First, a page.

Studio: XLrator Media
Director: Edward Evers-Swindell
Writer: Antony Jones, Edward Evers-Swindell
Producer: Jonas Babics
Stars: Siwan Morris, Gareth David-Lloyd, Joanna Ignaczewska, Duncan Pow, Eleanor Gecks, Cinzia Monreale, James Cosmo
The paths of a serial killer, a psychic, a vengeful ghost, and two thieves collide during a jaded radio DJ’s final broadcast.
“Dark Signal” exemplifies what it means to say that a movie comes together “clunkily.” Technically, “clunkily” isn’t a word, so perhaps “clumsily” should be used instead.
The story spins three separate threads straight away, and continues fraying ends into additional subplots from there. For somewhere in the neighborhood of half of the 95-minute runtime, it isn’t even clear if, let alone how, the different plotlines will ultimately come together.
It can be a frustrating experience of not knowing exactly what type of movie you are already in the middle of. It’s a bit like watching an anthology featuring a serial killer, a crime caper, and a supernatural whodunit involving a vengeful ghost, except all of the shorts are playing at the same time.
In the background of “Dark Signal” lurks The Wedlock Killer, a serial murderer so named because he snips the ring fingers off each victim using a pair of bolt cutters. File that tidbit away for now. Aside from a nightmare involving the killer that opens the movie, he doesn’t play a foreground role until later on.
Actually occupying the foreground is Laurie Wolf, a radio DJ reluctantly gearing up for her final broadcast. Laurie’s edgy attitude is already soured about unemployment. Her snarky spirit continues soaring sky high when engineer Ben springs supposed psychic Carla Zaza on Laurie as her final on air guest.
Elsewhere, Kate Komisarczyk is preparing for a job she doesn’t want to do either. Desperate for cash to care for her crippled son, Kate agrees to be her shady boyfriend Nick’s getaway driver for a home robbery heist. Nick says they are merely taking what he is rightfully owed from an unidentified man. However, Nick is keeping a secret from Kate poised to set her up for an unexpected encounter.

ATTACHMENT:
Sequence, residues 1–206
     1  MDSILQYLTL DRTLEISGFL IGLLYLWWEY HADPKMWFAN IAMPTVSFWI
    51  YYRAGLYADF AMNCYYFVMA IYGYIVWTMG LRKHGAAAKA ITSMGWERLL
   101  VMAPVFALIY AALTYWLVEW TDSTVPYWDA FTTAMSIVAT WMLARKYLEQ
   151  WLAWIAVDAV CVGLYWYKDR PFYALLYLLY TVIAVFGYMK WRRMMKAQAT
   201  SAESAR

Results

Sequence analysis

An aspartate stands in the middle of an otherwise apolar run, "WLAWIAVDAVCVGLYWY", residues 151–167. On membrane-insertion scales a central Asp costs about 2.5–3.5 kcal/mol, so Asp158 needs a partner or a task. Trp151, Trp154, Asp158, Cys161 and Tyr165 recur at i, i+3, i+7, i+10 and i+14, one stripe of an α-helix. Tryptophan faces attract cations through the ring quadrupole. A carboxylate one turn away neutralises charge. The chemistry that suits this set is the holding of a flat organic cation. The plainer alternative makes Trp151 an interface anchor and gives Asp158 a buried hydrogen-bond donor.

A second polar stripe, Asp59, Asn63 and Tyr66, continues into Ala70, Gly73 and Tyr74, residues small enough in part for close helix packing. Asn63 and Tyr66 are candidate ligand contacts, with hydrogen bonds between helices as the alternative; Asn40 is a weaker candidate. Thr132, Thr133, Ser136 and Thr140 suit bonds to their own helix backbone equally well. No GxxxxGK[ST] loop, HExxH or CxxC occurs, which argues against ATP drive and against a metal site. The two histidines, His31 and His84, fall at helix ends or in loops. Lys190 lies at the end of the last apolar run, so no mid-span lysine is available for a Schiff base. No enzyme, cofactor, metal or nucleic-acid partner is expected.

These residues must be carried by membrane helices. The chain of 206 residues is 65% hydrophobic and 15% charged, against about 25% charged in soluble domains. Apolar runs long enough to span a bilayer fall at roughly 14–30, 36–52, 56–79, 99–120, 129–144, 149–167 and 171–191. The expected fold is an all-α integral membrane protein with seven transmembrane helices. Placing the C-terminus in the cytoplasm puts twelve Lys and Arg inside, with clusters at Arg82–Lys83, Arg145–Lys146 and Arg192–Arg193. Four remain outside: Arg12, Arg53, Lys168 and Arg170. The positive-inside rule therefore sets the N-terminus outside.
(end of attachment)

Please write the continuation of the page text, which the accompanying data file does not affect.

Meanwhile, Laurie’s audio engineer Ben phones Kate, a former flame who quietly shares his romantic interest, with an invite to give Laurie’s last show a listen. Ben isn’t the only connection the women share. While Carla contacts a supernatural spirit live on Laurie’s program, Kate finds herself encountering a ghost girl of her own. Now we just have to get back to the matter of uncovering exactly how the digit-snipping serial killer fits into these two seemingly separate pictures.
“Dark Signal” doesn’t keep its multiple plates spinning so much as wobbling while become chipped at the edges. Yet “Dark Signal” happens to be the best kind of strangely structured movie because it is so scattershot, it becomes fascinating to watch unfold. The film follows a bumpy path for sure. But at least it’s an oddly enjoyable ride.
A melting pot cast provides a big bite of that bizarreness. Siwan Morris (Laurie) seems to have fun with a charismatically caustic characterization, setting her style up as somewhat of a Welsh Constance Zimmer. Joanna Ignaczewska’s (Kate) Polish accent steps her performance out on the wrong foot of sounding like bad acting, though she gradually warms up to her role.
“Dark Signal’s” biggest “get” however, at least for Italian horror film fans, is the inclusion of Cinzia Monreale as psychic Carla. Monreale is well known for playing the blind woman in Lucio Fulci’s incredible classic “The Beyond,” where she acted under the name Sarah Keller. “Dark Signal” even names its ghost Sarah Keller as further tribute to Monreale. Director and co-writer Edward Evers-Swindell is obviously a Fulci fan, and his winks at that fact are good for a great deal of street cred.
Unusual is an understatement with regard to “Dark Signal.” The film devolves into some silliness late in the game, such as when the killer tunelessly whistles while setting up his grand finale. This comes after his identity is outed, so he decides he has nothing to lose by becoming a chatterbox about it too, verbally putting pieces together in the event viewers haven’t already filled in remaining blanks for themselves.
In spite of such forced-feeling scenes, Evers-Swindell’s commitment to going for broke by stirring up so many subgenres in a single story is admirable, even if it isn’t always effective. Keep expectations steady and “Dark Signal” emerges as a surprisingly entertaining supernatural mystery combined with serial killer thriller. Fine-tuned the film isn’t, though it certainly can be weirdly fun.
Review Score: 65